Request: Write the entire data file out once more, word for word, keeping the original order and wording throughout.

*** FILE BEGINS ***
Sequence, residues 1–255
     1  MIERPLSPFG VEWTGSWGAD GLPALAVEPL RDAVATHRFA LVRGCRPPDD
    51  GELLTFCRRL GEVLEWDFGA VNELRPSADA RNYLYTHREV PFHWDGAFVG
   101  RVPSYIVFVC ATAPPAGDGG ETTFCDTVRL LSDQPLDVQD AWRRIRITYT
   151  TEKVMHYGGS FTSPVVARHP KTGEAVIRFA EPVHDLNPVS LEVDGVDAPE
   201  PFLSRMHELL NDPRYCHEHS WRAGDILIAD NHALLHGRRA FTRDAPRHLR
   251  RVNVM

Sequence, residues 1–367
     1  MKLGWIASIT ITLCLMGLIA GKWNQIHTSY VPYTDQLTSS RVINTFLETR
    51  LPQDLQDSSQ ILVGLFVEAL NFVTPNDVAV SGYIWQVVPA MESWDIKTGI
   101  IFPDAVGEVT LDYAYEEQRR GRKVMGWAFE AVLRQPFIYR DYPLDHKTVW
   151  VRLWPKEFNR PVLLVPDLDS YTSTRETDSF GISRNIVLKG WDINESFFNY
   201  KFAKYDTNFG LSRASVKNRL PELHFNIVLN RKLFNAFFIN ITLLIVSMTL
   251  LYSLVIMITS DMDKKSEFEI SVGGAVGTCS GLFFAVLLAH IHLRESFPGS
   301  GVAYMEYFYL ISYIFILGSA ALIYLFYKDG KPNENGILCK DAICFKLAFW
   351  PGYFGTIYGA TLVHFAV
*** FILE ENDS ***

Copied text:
Sequence, residues 1–255
     1  MIERPLSPFG VEWTGSWGAD GLPALAVEPL RDAVATHRFA LVRGCRPPDD
    51  GELLTFCRRL GEVLEWDFGA VNELRPSADA RNYLYTHREV PFHWDGAFVG
   101  RVPSYIVFVC ATAPPAGDGG ETTFCDTVRL LSDQPLDVQD AWRRIRITYT
   151  TEKVMHYGGS FTSPVVARHP KTGEAVIRFA EPVHDLNPVS LEVDGVDAPE
   201  PFLSRMHELL NDPRYCHEHS WRAGDILIAD NHALLHGRRA FTRDAPRHLR
   251  RVNVM

Sequence, residues 1–367
     1  MKLGWIASIT ITLCLMGLIA GKWNQIHTSY VPYTDQLTSS RVINTFLETR
    51  LPQDLQDSSQ ILVGLFVEAL NFVTPNDVAV SGYIWQVVPA MESWDIKTGI
   101  IFPDAVGEVT LDYAYEEQRR GRKVMGWAFE AVLRQPFIYR DYPLDHKTVW
   151  VRLWPKEFNR PVLLVPDLDS YTSTRETDSF GISRNIVLKG WDINESFFNY
   201  KFAKYDTNFG LSRASVKNRL PELHFNIVLN RKLFNAFFIN ITLLIVSMTL
   251  LYSLVIMITS DMDKKSEFEI SVGGAVGTCS GLFFAVLLAH IHLRESFPGS
   301  GVAYMEYFYL ISYIFILGSA ALIYLFYKDG KPNENGILCK DAICFKLAFW
   351  PGYFGTIYGA TLVHFAV